THE BOARD of the International Chamber of Shipping has submitted a revised proposal to the International Maritime Organization that reaffirms the industry’s commitment to meet 2050 net-zero carbon goals. The proposal sets out the full details of how this can be achieved via a so-called fund and reward system.

The ICS said the fund and reward mechanism would be financed by a mandatory contribution by ships per tonne of carbon dioxide emitted to an IMO fund. This fund would reward first movers for the emissions prevented by the use of alternative fuels such as methanol, ammonia and hydrogen, as well as sustainable biofuels and synthetic fuels plus new technologies including carbon capture.

In the new submission, ICS set out details of how a mandatory flat rate (levy-based) contribution by ships will be collected by an IMO Maritime Sustainability Fund.

To achieve consensus among governments, ICS explains how the contribution by ships per tonne of carbon dioxide emitted can be set by IMO at a relatively low level and still be sufficient to narrow the price gap between alternative and conventional fuels.

The funds collected would be used to reward the uptake of alternative fuels by first movers, based on the carbon dioxide emissions prevented, which will significantly reduce the price gap while minimising the additional cost of marine fuel to ensure that there will be no disproportionately negative impacts on trade, which is a legitimate concern among many developing economies.

In addition to funding the rewards programme for the uptake of low and zero-carbon fuels the contributions by shipping companies will generate billions of dollars annually to support the production of alternative marine fuels in developing countries. The fund will also be available to de-risk the rollout of the new bunkering infrastructure that will be required on an accelerated timescale.

ICS Secretary General Guy Platten said, “If we are to have a sustainable decarbonised future, governments need to support the shipping industry’s willingness to come forward with innovative measures that can incentivise first movers whilst also providing support to developing countries.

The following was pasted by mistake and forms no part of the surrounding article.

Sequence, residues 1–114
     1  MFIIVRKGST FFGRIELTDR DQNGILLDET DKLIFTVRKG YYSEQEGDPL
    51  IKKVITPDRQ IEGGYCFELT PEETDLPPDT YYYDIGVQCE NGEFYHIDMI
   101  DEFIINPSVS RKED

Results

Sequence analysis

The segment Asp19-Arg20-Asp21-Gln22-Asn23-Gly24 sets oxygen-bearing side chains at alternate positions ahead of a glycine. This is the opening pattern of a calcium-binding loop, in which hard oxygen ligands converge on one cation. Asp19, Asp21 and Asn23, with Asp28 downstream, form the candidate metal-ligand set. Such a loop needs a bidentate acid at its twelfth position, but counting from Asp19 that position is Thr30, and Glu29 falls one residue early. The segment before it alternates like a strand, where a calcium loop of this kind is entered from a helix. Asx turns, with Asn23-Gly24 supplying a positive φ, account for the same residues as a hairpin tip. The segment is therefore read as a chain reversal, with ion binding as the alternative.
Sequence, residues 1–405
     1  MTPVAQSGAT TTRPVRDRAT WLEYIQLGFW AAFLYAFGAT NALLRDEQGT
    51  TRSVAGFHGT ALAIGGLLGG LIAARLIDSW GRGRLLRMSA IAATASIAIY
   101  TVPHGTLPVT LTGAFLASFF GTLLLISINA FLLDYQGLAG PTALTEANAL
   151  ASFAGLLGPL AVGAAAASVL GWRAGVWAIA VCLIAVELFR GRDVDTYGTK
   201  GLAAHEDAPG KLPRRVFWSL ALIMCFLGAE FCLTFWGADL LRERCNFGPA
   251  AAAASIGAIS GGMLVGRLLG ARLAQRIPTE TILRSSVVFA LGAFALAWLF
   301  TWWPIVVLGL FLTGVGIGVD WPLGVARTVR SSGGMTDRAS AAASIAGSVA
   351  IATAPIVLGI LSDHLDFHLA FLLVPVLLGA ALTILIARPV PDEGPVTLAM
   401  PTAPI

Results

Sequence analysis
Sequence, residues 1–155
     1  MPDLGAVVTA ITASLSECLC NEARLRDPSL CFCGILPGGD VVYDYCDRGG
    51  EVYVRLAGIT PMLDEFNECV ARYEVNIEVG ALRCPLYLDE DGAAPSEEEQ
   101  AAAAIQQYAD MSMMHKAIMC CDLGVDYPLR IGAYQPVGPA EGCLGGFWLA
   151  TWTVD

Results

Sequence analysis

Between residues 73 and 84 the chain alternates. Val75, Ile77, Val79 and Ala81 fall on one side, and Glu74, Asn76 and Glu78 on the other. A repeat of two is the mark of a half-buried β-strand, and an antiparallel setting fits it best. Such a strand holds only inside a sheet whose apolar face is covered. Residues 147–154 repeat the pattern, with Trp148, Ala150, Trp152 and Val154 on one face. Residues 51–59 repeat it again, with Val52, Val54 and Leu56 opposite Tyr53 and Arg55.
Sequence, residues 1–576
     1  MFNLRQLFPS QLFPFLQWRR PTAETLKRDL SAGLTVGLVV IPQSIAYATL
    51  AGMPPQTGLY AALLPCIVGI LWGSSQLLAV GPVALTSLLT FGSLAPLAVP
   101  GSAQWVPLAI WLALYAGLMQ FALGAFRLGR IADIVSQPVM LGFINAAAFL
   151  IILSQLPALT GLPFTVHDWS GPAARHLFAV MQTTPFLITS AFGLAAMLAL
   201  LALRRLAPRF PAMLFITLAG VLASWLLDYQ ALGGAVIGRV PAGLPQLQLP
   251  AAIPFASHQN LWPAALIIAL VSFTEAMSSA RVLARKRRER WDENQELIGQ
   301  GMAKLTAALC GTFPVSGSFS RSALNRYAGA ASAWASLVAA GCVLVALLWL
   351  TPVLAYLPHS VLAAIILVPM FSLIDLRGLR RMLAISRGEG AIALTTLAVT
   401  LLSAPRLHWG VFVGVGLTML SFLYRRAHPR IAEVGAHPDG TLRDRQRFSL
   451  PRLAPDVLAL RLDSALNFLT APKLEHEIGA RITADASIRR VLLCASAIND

“I am pleased that the principle of a global contribution paid by shipowners into a fund is increasingly being recognised as the fairest and most effective method to create the funds and incentives required to catalyse the decarbonisation of our industry. Our board collectively and fully supports this proposal so that no one will be left behind in the transition to net-zero fuels for shipping which can only succeed if implemented on a global basis.”

ICS deputy secretary general Simon Bennett said the proposed fund and reward mechanism is intended to be as simple as possible for the IMO to establish.

“With political will, it can be readily adopted via the existing IMO MARPOL Convention by 2024, so that our commitment to net zero by 2050 can remain plausible given the enormous challenge of transitioning the entire global industry to new fuels and technologies in less than 30 years,” Mr Bennett said.

“Our immediate goal is to ensure that some kind of levy-based global economic measure will be prioritised for rapid finalisation by the IMO Marine Environment Protection Committee at its next meeting in July. This critical meeting of governments is also expected to adopt a formal net zero target for shipping which will only be truly credible if a measure such as that proposed by the industry is taken forward immediately.”

The ICS said the level of contributions to the IMO fund would be a decision for governments.

“However, ICS has suggested that total funds of about US$10 billion per annum – which would require an initial contribution quantum of about US$50 per tonne of marine fuel oil consumed – could be sufficient to fund a rewards programme up until about 2030 whilst also providing tens of billion dollars to support maritime GHG reduction projects in developing countries,” the organisation said.

“A previous economic impact assessment, prepared by ICS in collaboration with Clarksons’ Research, suggested that contributions of up to US$150 or more per tonne of fuel consumed would be unlikely to have significant impacts on states.”